It’a hard to make sense of these numbers.
For example, the article says $30 million to develop a 28nm chip.
First, surely it depends on how complex and how large the chip is. A chip consisting mostly of a Rocket core is going to be a very different cost to a Core i7, and a chip consisting almost entirely of SRAM different again.
Second, public press releases show that, as of about a year ago, SiFive has had $8.5m of funding, and yet has produced two chips, including a quad core 1.5 GHz one comparable to something like ARM A53 at 28nm.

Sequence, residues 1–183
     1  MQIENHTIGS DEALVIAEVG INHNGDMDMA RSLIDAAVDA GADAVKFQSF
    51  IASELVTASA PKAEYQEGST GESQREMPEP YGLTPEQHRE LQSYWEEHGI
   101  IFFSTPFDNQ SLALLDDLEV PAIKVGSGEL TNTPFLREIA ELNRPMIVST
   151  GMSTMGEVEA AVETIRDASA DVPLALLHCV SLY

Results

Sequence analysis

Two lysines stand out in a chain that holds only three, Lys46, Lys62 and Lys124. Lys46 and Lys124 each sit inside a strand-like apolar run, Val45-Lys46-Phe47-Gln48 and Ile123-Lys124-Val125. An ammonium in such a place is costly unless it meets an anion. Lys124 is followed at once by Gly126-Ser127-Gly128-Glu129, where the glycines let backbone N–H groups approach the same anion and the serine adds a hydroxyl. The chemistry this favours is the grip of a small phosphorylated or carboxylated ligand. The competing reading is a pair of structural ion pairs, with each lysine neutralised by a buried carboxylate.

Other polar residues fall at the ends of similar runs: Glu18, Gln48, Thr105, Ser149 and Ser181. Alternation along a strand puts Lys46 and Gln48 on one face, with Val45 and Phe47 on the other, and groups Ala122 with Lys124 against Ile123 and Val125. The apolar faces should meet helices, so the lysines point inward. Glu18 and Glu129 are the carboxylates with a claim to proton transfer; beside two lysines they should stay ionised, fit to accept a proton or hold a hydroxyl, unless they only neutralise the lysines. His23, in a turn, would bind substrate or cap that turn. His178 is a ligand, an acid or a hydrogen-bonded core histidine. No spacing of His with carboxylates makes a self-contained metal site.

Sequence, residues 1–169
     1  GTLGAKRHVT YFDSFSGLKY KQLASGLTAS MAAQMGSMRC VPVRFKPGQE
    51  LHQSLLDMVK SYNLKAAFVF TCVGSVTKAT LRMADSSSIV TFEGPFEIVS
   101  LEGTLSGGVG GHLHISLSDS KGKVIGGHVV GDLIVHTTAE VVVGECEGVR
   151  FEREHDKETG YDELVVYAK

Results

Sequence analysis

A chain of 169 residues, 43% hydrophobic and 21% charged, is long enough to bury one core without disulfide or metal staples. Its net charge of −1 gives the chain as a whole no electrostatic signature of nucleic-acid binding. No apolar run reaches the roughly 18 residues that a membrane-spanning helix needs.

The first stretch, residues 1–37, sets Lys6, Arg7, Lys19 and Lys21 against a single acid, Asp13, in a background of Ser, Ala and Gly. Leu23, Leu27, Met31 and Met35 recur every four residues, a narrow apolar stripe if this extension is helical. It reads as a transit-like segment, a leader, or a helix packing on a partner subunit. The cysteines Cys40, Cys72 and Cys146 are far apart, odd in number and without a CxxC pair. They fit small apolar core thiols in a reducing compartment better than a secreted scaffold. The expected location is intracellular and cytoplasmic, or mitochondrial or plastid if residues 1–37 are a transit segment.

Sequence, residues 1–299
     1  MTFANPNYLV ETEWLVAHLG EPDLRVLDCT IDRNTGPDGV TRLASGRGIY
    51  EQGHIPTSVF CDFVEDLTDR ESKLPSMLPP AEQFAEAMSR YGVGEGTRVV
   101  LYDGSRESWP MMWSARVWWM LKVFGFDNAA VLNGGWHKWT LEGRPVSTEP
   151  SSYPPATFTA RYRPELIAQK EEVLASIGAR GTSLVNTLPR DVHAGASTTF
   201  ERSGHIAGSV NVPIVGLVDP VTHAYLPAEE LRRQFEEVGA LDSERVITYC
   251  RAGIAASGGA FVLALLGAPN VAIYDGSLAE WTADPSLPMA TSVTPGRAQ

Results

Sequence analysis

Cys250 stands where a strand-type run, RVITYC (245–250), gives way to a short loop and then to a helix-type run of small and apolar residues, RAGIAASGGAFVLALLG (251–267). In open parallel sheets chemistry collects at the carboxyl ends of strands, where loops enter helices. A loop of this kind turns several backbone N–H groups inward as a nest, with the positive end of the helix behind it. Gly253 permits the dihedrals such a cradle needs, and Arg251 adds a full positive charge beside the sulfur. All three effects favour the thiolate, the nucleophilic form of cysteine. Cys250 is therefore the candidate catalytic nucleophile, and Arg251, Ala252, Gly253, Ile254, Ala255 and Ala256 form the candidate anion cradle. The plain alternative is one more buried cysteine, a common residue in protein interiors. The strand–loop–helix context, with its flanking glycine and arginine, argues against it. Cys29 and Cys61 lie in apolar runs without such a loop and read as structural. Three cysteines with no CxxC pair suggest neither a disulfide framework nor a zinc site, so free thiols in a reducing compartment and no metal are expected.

Obviously, something doesn’t line up here.
Maybe one big factor is the difference between automatic and hand layout of the chip.
I noted a year ago that 320 MHz for the HiFive1’s FE310-G000 in 180nm is pretty good compared to most ARM chips topping out at 180 MHz in that process. However, back when Intel and Motorola were using 180nm for their flagship chips, they had both Pentium 3 and PowerPC G4 at 1.0 - 1.2 GHz. No doubt they spent an absolute fortune on manual layout and optimising pipeline stages in achieving that.